Biomechanical investigation of lumbar hybrid stabilization in two-level posterior instrumentation
Hybrid stabilization with a dynamic implant has been suggested to avoid adjacent segment disease by creating a smoother transition zone from the instrumented segments to the untreated levels above. This study aims to characterize the transition zones of two-level posterior instrumentation strategies for elucidating biomechanical differences between rigid fixation and the hybrid stabilization approach with a pedicle screw-based dynamic implant.
Eight human lumbar spines (L1–5) were loaded in a spine tester with pure moments of 7.5 Nm and with a hybrid loading protocol. The range of motion (ROM) of all segments for both loading protocols was evaluated and normalized to the native ROM.
For pure moment loading, ROM of the segments cranial to both instrumentations were not affected by the type of instrumentation (p > 0.5). The dynamic instrumentation in L3–4 reduced the ROM compared to intact (p < 0.05) but allowed more motion than the rigid fixation of the same segment (p < 0.05). Under hybrid loading testing, the cranial segments (L1–2, L2–3) had a significant higher ROM for both instrumentations compared to the intact (p < 0.05). Comparing the two instrumentations with each other, the rigid fixation resulted in a higher increased ROM of L1–2 and L2–3 than hybrid stabilization.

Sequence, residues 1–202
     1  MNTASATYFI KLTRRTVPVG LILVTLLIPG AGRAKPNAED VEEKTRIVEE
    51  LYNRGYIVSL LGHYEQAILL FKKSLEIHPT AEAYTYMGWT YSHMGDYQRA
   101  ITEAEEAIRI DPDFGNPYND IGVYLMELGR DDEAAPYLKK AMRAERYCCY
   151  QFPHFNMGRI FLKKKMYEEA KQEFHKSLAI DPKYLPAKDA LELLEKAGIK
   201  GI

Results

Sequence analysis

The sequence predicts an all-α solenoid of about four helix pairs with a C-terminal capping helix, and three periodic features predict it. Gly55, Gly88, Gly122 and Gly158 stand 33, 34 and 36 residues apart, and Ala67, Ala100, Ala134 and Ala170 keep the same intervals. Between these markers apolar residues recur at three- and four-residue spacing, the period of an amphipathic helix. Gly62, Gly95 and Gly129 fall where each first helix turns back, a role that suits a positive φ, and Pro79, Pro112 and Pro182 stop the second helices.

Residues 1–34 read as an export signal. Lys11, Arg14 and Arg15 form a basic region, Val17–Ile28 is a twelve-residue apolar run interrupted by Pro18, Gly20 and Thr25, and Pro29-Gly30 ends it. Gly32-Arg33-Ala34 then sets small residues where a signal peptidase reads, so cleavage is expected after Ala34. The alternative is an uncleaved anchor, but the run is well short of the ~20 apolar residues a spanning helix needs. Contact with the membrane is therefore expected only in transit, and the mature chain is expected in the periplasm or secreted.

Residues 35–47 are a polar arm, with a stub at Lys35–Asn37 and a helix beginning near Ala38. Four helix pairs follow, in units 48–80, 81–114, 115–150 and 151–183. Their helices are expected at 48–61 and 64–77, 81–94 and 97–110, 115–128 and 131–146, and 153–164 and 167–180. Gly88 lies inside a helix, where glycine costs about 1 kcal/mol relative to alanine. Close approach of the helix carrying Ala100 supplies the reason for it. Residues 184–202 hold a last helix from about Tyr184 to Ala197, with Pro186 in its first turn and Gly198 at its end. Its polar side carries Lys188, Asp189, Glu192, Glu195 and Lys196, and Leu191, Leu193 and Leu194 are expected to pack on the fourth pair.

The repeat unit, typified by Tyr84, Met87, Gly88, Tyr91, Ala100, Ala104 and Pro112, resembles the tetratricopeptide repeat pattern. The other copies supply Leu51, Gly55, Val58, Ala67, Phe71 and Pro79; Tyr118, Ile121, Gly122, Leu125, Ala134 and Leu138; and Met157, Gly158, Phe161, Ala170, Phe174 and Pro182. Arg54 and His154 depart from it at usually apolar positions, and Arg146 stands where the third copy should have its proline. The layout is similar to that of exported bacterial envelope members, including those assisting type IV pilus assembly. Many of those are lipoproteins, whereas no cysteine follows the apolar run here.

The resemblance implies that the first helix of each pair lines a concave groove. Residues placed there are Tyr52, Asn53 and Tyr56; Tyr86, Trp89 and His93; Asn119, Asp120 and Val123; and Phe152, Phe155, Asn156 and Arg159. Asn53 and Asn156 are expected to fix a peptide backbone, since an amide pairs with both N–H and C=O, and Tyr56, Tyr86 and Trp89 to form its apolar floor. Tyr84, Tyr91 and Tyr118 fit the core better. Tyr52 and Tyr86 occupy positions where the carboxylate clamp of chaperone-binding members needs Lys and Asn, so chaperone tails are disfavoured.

Regardless of the implant, two-level posterior instrumentation was accompanied by a considerable amount of compensatory movement in the cranial untreated segments under the hybrid protocol. Hybrid stabilization, however, showed a significant reduction of this compensatory movement in comparison to rigid fixation. These results could support the surgical strategy of hybrid stabilization, whereas the concept of topping-off, including a healthy segment, is discouraged.
KeywordsSpine biomechanics Dynamic stabilization Hybrid stabilization Lumbar fusion Topping-off Lumbar
The laboratory costs of the study were supported by Paradigm Spine GmbH.
Compliance with ethical standards
Conflict of interest
A. A. Hegewald received speaker honorarium and worked as a clinical consultant for Paradigm Spine GmbH. All other authors declare that they have no conflict of interest. The authors have full control of all primary data and agree to allow the journal to review the data if requested.
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